SPIEGEL: Are you similarly optimistic about the reform list that Athens has presented? After all, the Greek government constantly makes promises that it doesn't keep.

Moscovici: That's going too far. Not enough has happened, that much is true. But we have to work together with the Greek government to change precisely that. What's the alternative?

SPIEGEL: What could this alternative look like if, as you portray it, a Greek exit from the euro is not an option?

Moscovici: We cannot forget that a Grexit would have serious consequences for us. But I am convinced that we can keep the country in the euro zone -- and that we can also insist on a comprehensive reform program.

SPIEGEL: Greece is not the only problem child in the euro zone. France has violated the euro Stability Pact for the past seven years. Why did the Commission nonetheless decide to give Paris another two years to get its deficit down to 3 percent of gross domestic product?

Moscovici: Read our decision in its entirety. It keeps up pressure on France. Already this year, the government must markedly reduce its budget deficit, and it has to continue doing so for both of the next two years as well as implement numerous structural reforms. We have in no way given it a free ride, rather, we have formulated very serious conditions.

Graphic: The French budget deficit

Graphic: The French budget deficit


SPIEGEL: Still, you have more or less ruled out the possibility of extensive fines. You describe sanctions as "collective failure".

Moscovici: That's also true. We want to convince euro member states to improve themselves through reforms. That is precisely what France needs to do now. If we just impose sanctions, then this type of persuasion fails.

SPIEGEL: But one of the lessons of the euro crisis was that stiff punitive measures must be taken against rules violations because otherwise member states won't adhere to their joint agreements.

Moscovici: Only when the objective conditions are present. However, France has definitely made progress in the past two years -- and we are now demanding many further steps in the coming years. That is much more effective than sanctions.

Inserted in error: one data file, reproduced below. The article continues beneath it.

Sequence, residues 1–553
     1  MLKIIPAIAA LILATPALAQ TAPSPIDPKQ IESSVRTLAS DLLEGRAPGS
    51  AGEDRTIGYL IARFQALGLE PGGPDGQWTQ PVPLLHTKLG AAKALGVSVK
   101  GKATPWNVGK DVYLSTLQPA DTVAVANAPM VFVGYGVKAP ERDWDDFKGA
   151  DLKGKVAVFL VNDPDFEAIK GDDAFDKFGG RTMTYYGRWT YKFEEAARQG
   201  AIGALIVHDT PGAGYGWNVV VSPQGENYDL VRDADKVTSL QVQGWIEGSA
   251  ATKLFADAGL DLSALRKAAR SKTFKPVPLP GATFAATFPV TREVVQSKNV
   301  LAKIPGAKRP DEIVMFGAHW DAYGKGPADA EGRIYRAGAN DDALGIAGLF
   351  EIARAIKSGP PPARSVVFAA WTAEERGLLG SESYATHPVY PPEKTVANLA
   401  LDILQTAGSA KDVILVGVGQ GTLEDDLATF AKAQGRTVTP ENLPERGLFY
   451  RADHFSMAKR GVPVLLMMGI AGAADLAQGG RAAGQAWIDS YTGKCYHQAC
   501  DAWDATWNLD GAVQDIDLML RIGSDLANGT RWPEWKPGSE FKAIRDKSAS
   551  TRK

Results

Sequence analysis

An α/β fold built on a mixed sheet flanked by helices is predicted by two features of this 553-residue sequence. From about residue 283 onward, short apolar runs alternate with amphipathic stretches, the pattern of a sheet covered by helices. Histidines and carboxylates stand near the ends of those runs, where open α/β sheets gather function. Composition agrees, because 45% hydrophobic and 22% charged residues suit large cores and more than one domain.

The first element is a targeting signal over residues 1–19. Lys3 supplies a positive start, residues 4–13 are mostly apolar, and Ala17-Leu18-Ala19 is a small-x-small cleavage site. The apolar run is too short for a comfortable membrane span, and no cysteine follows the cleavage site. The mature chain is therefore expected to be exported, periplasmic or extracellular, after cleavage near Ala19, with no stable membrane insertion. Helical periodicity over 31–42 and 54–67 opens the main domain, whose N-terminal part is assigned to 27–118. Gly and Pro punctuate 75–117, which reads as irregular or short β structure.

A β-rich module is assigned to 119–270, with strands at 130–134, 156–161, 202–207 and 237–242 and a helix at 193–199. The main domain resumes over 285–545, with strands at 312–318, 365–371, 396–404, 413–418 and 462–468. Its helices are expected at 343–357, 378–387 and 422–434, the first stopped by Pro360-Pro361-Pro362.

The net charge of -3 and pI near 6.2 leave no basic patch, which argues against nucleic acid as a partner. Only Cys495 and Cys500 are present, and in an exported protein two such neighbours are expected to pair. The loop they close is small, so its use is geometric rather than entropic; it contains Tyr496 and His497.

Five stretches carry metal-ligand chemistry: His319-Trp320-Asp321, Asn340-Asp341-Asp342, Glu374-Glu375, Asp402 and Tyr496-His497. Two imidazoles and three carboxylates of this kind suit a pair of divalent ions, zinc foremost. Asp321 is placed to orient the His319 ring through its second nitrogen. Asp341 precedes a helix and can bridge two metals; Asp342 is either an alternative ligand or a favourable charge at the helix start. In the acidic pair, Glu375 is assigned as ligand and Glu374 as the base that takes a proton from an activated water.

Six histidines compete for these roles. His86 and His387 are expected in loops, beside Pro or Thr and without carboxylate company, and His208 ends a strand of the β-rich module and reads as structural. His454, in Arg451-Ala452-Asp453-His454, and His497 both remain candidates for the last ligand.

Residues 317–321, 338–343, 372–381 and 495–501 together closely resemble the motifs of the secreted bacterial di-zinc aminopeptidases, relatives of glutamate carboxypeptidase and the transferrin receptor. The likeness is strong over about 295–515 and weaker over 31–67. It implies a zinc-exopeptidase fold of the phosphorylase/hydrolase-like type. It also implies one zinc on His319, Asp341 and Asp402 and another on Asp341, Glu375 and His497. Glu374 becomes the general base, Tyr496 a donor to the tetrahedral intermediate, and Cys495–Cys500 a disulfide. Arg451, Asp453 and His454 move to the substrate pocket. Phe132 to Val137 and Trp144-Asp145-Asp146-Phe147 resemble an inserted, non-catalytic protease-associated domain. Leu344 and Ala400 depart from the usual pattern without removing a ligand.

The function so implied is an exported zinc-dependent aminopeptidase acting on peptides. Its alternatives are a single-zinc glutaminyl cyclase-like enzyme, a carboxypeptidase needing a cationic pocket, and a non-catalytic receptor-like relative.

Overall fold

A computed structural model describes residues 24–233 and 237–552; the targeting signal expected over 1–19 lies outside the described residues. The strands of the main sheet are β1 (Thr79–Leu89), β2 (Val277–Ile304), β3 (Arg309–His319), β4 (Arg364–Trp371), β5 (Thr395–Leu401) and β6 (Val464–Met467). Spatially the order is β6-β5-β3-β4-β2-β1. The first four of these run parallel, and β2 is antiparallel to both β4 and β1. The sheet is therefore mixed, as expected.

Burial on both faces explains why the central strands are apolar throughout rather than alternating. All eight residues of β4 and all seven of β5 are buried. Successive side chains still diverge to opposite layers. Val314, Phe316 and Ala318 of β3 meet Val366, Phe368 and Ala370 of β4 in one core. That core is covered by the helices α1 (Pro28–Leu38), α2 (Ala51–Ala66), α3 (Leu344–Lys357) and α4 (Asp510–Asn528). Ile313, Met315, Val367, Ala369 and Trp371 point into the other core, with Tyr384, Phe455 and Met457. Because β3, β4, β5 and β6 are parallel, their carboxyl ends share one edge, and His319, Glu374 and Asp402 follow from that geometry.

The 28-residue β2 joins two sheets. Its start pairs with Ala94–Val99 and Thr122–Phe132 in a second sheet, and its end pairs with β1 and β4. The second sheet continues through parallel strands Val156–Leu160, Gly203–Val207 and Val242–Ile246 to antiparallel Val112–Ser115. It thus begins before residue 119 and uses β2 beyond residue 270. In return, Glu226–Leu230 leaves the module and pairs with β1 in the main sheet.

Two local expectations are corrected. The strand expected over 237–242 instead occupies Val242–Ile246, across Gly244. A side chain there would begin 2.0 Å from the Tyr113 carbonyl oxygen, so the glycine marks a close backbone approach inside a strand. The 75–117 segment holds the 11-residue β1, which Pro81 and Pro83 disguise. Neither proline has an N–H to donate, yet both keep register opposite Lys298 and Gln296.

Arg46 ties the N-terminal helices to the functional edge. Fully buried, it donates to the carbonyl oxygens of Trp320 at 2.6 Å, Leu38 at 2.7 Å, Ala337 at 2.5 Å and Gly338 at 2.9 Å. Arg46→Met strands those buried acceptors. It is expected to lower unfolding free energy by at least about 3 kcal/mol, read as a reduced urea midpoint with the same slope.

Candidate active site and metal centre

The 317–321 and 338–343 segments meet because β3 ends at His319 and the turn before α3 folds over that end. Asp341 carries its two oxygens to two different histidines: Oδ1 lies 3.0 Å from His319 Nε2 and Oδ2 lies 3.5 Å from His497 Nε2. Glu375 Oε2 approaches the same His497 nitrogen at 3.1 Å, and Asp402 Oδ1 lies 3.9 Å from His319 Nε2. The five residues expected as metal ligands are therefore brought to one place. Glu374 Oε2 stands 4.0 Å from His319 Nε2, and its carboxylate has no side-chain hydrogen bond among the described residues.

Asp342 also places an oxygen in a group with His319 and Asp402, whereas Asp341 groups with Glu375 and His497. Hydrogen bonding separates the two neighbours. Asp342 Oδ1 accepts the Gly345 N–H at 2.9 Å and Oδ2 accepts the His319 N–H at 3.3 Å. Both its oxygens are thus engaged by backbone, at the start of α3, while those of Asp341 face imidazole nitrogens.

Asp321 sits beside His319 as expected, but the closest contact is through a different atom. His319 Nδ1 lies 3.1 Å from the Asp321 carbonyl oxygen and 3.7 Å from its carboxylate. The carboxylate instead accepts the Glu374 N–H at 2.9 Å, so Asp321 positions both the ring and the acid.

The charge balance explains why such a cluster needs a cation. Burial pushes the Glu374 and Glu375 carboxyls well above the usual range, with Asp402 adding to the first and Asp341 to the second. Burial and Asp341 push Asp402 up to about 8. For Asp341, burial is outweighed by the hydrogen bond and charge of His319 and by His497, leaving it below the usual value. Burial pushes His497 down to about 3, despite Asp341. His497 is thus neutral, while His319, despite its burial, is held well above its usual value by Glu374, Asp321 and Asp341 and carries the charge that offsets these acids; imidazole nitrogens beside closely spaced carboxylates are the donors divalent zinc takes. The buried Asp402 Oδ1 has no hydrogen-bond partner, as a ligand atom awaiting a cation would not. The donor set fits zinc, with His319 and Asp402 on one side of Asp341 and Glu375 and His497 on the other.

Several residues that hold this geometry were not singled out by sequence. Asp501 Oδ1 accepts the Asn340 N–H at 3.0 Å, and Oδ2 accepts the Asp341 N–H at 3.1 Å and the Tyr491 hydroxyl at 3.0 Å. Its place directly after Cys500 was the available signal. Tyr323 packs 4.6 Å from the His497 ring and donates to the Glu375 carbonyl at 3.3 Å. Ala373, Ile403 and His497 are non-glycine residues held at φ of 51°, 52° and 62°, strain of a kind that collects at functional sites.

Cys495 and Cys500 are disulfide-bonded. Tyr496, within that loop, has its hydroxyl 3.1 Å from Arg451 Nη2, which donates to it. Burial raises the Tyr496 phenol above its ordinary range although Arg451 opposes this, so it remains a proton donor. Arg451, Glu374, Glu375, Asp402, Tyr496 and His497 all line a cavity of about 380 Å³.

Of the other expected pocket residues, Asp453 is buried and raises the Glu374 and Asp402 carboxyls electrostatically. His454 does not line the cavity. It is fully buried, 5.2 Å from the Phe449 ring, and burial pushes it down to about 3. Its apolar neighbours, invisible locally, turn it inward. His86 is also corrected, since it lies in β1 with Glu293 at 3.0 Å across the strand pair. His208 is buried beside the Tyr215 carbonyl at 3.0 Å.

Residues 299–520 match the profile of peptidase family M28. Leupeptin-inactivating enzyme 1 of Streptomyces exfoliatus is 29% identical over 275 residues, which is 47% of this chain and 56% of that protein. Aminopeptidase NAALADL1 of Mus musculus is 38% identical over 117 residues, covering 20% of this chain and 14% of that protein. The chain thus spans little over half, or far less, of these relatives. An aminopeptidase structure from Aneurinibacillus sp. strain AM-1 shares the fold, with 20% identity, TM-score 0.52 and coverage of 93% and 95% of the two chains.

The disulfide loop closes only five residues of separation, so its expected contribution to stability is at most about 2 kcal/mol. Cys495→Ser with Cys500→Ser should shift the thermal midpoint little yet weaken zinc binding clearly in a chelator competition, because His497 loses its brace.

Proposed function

SPIEGEL: How do you justify such optimism? Just last month, French Prime Minister Manuel Valls only managed to push through moderate reforms by issuing a rare emergency decree in the National Assembly in order to bypass parliament.

Moscovici: Should we seriously say to a French government that is finally bringing itself to undertake reforms, "We still don't trust you?" Shouldn't we really be placing greater trust in it right now? The German chancellor, incidentally, also views it this way. She just praised the "impressive reform agenda" of the government in Paris. And, I repeat: This year alone, in order to comply with requirements, France must implemented additional savings of €4 billion by June -- that's no trifling matter.

SPIEGEL: Günther Oettinger, your German colleague on the College of Commissioners, says that France will only be able to achieve that through "creative bookkeeping".

Moscovici: I don't think that choice of words is appropriate. I object to French people openly criticizing Germany and vice-versa when Germans do the same to France. If France and Germany don't trust each other, there's simply no future for Europe.

SPIEGEL: Still, as François Hollande's campaign manager, you publicly stirred up sentiment against Merkel's austerity policies.

Moscovici: Neither President Hollande nor I ever expressed any doubt about the need for France and Germany to work together. But it is also right to remind people that Germany also has a need for reforms. France must become more competitive and reduce its trade deficit. However, Germany received the recommendation from Brussels that it do more to spur investment. That is in Germany's interest and in the interest of the entire euro zone.

Translated from the German.